To Your Health
October, 2009 (Vol. 03, Issue 10)
Is Your Body Getting Enough?
By Dr. Richard Drucker
While it's safe to say most people have heard the word minerals
before and know that they are beneficial when consumed, it's also safe to say their exact meaning and purpose remain a mystery to many. Typically we tend to think of minerals as small particles of matter in soil or rock. In essence, that description is correct; however, it does not really represent the benefits minerals provide to the human body. Let's take a closer look at minerals and why specific minerals are key components to good health.
Webster's Dictionary defines minerals as "inorganic substances occurring naturally in the earth and having a consistent and distinctive set of physical properties and a composition that can be expressed by a chemical formula: sometimes applied to substances in the earth of organic origin, such as coal." Even the official definition leaves questions regarding the vital role of minerals in the body. Here are a few answers.
Minerals: Necessary for Good Health
Minerals are essential for all the chemical processes required for the human body to function properly. All nutrients, such as vitamins, proteins, enzymes, amino acids, carbohydrates, fats, sugars, oils, etc., require minerals for proper cell utility. In fact, minerals play a more important role in our health than do vitamins. While vitamins are required for every bodily biochemical process, they are useless without the presence of minerals.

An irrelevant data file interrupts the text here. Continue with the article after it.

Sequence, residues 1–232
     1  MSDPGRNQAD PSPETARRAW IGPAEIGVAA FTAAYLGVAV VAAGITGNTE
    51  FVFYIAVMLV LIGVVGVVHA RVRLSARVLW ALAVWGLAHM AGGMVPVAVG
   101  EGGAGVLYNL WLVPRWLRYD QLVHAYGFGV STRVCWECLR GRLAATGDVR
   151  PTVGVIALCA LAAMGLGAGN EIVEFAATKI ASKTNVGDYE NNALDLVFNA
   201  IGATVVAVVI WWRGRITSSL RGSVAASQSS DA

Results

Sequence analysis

Minerals are also essential for healing. Tissue rebuilding occurs more easily when the body has access to necessary minerals. Certain minerals are critically necessary to the body. These are known as "trace" minerals and include zinc, iron, magnesium, calcium, selenium, and copper, to name a few.
Maximizing Mineral Absorption
Minerals are often difficult to absorb into the body. Calcium, for instance, must be taken with vitamins D and C, and essential fatty acids in the proper ratio to magnesium in order to be digested. One of the reasons that women tend to be anemic is because of improper digestion of iron, which is necessary for blood to carry oxygen. Iron is present in every food we eat, according to the late nutritionist Adelle Davis, but because the mineral is difficult to digest, most iron ingested passes through the body unassimilated.
When it comes to mineral supplements, most are not easily incorporated into the body, either. It's important for mineral supplements to be water-soluble (liquid form is best) and not in rock form, and that the elements be absorbed readily and fully, bringing more oxygen to the blood cells and thereby releasing toxins from the body.
Misconceptions About Toxicity
In addition to general limited knowledge regarding the necessity and function of minerals, there also exists a few mineral misconceptions. One such misconception has to do with the fear of mineral or metal buildup in the body, which has been documented to cause various health problems. With all the toxicity-related disorders and talk about heavy-metal accumulation, there's an overlying anxiety that metals (minerals) are harmful. This is both true and false.